Whenever the name of Lucia Joyce is mentioned, the words “daughter of James Joyce” are never far away. A talented dancer, writer and musician, Lucia’s career was cut short after she had a nervous breakdown and was – some say inaccurately – diagnosed with schizophrenia. She spent the rest of her life in institutions where she was subjected to experimental treatments.

According to dance historian Deirdre Mulrooney, many accounts of her life are Mills & Boon-style narratives, where the real protagonists are famous male writers, including her father and Samuel Beckett, with whom Lucia had a relationship. Writing in Joyce Studies Annual, Mulrooney claims: “This misunderstood artist has been reduced to a ‘mad girl’, synonymous with mental illness, considered primarily in relation to her father, and filed away under ‘miscellaneous’ in coveted James Joyce special collections around the world.”

This two-dimensional caricature would be different had she fulfilled her artistic potential. In 1928 the Paris Times stated that, “When she reaches her full capacity for rhythmic dancing, James Joyce may yet be known as his daughter’s father”.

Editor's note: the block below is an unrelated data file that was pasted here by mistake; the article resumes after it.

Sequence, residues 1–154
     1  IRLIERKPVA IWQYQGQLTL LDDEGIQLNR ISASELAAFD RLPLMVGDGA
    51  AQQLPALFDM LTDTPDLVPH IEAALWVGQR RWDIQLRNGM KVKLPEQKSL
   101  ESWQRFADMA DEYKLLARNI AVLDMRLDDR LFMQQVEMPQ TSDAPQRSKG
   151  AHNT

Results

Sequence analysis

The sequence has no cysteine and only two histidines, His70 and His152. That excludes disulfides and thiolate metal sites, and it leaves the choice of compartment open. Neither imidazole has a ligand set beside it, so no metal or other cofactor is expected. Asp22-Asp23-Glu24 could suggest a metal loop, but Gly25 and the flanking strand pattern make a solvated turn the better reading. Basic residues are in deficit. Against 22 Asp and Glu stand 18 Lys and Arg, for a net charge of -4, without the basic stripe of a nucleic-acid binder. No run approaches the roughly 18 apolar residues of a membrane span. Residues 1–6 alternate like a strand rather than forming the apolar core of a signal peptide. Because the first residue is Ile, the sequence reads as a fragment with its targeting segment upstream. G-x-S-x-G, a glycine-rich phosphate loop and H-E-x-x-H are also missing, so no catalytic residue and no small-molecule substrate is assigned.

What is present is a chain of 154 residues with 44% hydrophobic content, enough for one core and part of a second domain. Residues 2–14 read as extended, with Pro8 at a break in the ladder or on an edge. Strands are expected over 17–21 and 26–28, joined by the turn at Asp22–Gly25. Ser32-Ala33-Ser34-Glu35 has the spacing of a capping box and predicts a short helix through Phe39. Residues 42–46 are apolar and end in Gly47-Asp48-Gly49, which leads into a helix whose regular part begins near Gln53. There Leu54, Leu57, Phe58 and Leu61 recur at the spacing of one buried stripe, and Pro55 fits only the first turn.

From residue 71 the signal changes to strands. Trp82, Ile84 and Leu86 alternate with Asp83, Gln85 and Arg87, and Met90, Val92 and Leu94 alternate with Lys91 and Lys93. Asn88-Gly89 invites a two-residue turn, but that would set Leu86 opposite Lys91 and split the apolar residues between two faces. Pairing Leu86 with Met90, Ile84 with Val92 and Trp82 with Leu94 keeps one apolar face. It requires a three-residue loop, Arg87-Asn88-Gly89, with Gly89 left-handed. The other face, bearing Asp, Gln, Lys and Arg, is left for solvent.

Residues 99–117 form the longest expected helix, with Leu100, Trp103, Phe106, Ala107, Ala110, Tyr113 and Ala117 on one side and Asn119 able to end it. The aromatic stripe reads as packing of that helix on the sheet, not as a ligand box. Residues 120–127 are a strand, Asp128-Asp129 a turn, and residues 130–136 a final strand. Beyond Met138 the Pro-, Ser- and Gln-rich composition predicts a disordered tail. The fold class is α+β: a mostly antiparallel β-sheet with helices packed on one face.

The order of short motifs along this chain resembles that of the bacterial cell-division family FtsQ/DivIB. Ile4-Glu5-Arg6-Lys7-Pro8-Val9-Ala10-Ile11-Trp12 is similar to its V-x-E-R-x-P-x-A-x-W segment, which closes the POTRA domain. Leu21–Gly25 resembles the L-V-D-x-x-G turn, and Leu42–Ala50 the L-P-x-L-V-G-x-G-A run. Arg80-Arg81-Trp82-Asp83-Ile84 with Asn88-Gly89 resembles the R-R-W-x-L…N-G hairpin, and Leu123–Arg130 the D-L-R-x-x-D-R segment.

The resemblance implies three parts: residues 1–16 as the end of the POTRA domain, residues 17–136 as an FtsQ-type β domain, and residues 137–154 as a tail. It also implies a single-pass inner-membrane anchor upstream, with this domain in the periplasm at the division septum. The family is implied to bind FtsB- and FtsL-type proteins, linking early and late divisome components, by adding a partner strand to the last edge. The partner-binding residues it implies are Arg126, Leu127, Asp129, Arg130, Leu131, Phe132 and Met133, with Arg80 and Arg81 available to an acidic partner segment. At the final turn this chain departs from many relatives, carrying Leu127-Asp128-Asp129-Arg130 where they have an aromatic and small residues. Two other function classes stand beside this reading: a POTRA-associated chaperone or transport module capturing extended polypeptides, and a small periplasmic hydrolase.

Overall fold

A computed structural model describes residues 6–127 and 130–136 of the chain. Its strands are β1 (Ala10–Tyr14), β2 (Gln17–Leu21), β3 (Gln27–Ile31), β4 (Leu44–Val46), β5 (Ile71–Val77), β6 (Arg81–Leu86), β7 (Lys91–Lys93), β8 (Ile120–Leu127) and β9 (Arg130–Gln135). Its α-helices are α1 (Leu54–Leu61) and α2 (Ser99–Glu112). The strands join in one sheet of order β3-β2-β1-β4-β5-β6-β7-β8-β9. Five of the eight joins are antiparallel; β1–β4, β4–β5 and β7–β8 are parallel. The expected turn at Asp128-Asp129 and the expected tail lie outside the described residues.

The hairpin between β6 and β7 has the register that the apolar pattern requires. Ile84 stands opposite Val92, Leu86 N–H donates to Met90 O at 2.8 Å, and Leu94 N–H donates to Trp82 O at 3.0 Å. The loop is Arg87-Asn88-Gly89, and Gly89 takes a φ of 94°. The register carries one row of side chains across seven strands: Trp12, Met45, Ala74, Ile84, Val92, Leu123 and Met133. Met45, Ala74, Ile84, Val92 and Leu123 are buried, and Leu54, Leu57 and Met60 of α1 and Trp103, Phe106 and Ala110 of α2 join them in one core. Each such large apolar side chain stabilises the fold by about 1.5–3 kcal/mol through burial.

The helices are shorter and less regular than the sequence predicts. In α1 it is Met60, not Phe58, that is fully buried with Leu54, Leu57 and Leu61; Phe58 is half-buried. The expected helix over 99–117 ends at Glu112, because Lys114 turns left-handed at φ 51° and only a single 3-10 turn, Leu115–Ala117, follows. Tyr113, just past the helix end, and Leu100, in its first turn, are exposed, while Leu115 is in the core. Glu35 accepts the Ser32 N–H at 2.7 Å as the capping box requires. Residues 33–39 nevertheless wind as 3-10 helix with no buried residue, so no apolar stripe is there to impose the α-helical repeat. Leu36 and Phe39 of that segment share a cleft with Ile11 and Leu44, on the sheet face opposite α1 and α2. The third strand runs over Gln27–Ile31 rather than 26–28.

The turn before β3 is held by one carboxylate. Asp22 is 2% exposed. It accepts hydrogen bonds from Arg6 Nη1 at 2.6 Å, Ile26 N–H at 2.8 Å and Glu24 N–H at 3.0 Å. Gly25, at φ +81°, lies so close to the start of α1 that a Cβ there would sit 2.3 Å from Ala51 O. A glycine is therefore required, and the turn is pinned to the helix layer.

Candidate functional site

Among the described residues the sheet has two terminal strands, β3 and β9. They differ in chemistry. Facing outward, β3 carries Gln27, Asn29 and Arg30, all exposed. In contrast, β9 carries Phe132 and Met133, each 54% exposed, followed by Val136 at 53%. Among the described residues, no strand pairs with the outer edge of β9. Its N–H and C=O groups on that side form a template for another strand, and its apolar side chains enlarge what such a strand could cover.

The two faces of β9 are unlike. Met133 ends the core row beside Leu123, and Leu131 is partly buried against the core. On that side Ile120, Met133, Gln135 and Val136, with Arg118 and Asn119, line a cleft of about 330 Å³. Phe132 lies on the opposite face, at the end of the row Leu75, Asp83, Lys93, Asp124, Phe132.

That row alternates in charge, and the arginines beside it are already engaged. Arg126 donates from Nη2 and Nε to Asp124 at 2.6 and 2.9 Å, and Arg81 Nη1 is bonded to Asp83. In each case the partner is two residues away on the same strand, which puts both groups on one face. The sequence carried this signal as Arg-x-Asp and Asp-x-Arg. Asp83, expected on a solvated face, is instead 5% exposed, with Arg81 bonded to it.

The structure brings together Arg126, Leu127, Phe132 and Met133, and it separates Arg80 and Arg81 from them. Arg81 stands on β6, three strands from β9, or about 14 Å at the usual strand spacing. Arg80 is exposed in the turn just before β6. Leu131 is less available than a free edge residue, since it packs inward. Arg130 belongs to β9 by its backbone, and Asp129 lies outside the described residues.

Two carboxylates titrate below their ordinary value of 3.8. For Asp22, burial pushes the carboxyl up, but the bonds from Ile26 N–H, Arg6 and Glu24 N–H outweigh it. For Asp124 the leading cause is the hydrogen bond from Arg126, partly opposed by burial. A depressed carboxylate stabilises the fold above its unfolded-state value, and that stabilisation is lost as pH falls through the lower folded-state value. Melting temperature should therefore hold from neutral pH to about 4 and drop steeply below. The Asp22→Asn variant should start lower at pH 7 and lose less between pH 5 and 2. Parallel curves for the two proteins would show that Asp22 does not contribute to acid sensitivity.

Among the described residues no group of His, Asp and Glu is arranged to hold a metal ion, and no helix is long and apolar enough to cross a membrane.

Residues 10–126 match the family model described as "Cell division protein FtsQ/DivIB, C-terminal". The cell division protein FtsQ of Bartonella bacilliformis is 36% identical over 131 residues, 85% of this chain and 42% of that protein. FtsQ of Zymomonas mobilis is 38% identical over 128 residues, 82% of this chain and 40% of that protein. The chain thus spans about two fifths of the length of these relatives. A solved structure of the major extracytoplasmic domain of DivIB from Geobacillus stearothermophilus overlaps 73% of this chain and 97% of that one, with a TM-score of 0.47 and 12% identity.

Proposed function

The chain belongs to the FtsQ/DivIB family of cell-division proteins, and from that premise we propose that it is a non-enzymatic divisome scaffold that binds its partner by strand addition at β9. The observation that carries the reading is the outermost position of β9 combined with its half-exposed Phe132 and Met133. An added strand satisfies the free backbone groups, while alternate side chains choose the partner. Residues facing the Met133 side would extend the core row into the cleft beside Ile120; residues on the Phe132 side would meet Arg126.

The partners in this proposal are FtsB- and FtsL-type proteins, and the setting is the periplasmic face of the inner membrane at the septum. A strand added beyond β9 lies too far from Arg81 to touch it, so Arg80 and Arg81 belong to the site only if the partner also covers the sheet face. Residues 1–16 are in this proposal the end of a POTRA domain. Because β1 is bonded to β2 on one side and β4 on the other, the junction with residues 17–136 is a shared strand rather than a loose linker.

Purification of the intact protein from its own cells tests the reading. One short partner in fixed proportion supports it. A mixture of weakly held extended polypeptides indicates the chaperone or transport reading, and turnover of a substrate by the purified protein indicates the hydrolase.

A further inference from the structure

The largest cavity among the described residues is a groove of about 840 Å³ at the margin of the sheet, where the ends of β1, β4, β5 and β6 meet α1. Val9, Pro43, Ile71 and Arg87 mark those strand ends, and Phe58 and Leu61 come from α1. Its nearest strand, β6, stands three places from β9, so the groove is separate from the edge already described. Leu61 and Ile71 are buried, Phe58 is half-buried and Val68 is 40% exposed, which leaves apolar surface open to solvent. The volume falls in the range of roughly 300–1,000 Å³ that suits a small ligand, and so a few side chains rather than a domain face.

Choreographer Áine Stapleton has spent the past eight years forefronting Lucia Joyce’s artistry and will premiere a dance film installation, Somewhere in the Body, at this year’s Dublin Dance Festival. “In 2014 I was working with some friends in a band who had created musical interpretations of Joyce’s major works for Bloomsday,” she says. “During the rehearsals, they told me a bit about Lucia and her dance career. That same week, I managed to source some letters that were written by Lucia during her later years in psychiatric care. I could instantly see a clear divide between the clichéd accounts of Lucia in the press and media, compared to the kind, intelligent and loving person that came through in her letters. These writings inspired me to make my first work about Lucia and I’ve been immersed in her story ever since.” Stapleton would concur with Mulrooney’s disdain for the superficial accounts of Lucia’s life.